The Heat Load Index, referred to as the ‘HLI’, is an index that brings together all the weather factors into one number to allow easy interpretation of the cooling capacity of the environment. The Heat Load Index has been developed in Australia from over 10 years worth of research into assessing heat events in Australian feedlot conditions for Australian cattle.
The basic weather information required to determine the capacity of the environment to cool a body consists of:
- radiative temperature – a combination of temperature and radiation called Black Globe Temperature (BGT)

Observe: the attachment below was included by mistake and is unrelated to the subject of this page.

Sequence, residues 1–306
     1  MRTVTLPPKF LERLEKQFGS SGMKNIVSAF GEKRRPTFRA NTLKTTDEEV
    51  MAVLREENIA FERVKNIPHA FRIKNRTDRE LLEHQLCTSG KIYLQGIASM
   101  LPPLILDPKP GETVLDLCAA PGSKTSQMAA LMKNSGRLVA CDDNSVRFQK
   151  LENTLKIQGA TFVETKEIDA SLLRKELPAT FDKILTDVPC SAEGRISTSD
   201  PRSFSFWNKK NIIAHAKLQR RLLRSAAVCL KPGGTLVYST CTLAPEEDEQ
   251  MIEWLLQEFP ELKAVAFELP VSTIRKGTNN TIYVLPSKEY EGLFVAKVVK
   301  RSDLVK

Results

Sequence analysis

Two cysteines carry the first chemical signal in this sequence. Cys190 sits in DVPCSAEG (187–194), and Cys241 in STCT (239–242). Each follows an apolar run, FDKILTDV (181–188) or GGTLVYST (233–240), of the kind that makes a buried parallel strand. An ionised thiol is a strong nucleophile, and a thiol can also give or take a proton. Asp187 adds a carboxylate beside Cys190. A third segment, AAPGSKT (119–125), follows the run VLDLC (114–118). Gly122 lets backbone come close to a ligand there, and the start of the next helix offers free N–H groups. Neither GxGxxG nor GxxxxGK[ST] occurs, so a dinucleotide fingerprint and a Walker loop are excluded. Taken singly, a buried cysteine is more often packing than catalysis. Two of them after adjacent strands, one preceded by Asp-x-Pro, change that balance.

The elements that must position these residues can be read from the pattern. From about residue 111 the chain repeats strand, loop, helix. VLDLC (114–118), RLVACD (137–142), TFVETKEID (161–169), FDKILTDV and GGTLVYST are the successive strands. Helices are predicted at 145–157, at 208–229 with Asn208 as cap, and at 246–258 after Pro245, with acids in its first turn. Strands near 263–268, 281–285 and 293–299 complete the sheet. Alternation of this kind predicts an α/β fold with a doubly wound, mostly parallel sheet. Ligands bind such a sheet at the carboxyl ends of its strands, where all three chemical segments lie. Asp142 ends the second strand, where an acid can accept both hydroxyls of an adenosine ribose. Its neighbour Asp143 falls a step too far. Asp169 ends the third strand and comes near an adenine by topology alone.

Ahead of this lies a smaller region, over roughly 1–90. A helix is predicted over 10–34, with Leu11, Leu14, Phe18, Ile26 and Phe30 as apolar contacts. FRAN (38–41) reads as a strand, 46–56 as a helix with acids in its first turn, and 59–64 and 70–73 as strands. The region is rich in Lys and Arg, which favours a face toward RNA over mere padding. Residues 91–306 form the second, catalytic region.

- air movement (Wind Speed)
- a measure of the moisture in the air (Relative Humidity)
As you can see above, the HLI is calculated from measurements of BGT (°C), relative humidity (%) and wind speed (m/s) using a simple relationship. A tool is available on CHLT to calculate HLI from the available input parameters.
For the most part, the HLI on its own does not indicate the likelihood of heat stress in feedlot cattle. This is done by calculation of the Accumulated Heat Load Unit (or AHLU). The only time when heat stress may be indicated by the HLI alone is when there is a rapid change in the HLI over a short period of time.